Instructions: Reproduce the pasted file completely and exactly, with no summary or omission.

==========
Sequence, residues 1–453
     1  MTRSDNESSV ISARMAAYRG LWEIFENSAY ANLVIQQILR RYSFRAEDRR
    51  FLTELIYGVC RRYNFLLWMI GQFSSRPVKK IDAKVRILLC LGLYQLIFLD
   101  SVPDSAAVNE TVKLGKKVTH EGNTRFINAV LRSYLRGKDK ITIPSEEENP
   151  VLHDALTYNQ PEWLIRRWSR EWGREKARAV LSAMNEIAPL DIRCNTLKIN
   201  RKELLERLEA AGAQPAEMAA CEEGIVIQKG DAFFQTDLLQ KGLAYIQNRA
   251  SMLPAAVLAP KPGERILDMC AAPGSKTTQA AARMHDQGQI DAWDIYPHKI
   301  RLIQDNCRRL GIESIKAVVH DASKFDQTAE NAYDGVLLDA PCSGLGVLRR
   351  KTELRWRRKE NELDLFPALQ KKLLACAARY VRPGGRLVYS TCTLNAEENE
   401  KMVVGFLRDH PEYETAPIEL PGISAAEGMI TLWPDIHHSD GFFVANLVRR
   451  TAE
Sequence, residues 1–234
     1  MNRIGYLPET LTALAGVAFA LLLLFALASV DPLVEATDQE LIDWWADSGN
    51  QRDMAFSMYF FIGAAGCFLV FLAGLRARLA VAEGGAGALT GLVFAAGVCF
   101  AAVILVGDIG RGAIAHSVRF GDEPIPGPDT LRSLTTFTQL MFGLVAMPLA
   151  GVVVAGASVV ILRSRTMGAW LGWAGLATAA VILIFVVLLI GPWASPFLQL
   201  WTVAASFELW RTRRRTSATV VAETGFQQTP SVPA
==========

Sequence, residues 1–453
     1  MTRSDNESSV ISARMAAYRG LWEIFENSAY ANLVIQQILR RYSFRAEDRR
    51  FLTELIYGVC RRYNFLLWMI GQFSSRPVKK IDAKVRILLC LGLYQLIFLD
   101  SVPDSAAVNE TVKLGKKVTH EGNTRFINAV LRSYLRGKDK ITIPSEEENP
   151  VLHDALTYNQ PEWLIRRWSR EWGREKARAV LSAMNEIAPL DIRCNTLKIN
   201  RKELLERLEA AGAQPAEMAA CEEGIVIQKG DAFFQTDLLQ KGLAYIQNRA
   251  SMLPAAVLAP KPGERILDMC AAPGSKTTQA AARMHDQGQI DAWDIYPHKI
   301  RLIQDNCRRL GIESIKAVVH DASKFDQTAE NAYDGVLLDA PCSGLGVLRR
   351  KTELRWRRKE NELDLFPALQ KKLLACAARY VRPGGRLVYS TCTLNAEENE
   401  KMVVGFLRDH PEYETAPIEL PGISAAEGMI TLWPDIHHSD GFFVANLVRR
   451  TAE
Sequence, residues 1–234
     1  MNRIGYLPET LTALAGVAFA LLLLFALASV DPLVEATDQE LIDWWADSGN
    51  QRDMAFSMYF FIGAAGCFLV FLAGLRARLA VAEGGAGALT GLVFAAGVCF
   101  AAVILVGDIG RGAIAHSVRF GDEPIPGPDT LRSLTTFTQL MFGLVAMPLA
   151  GVVVAGASVV ILRSRTMGAW LGWAGLATAA VILIFVVLLI GPWASPFLQL
   201  WTVAASFELW RTRRRTSATV VAETGFQQTP SVPA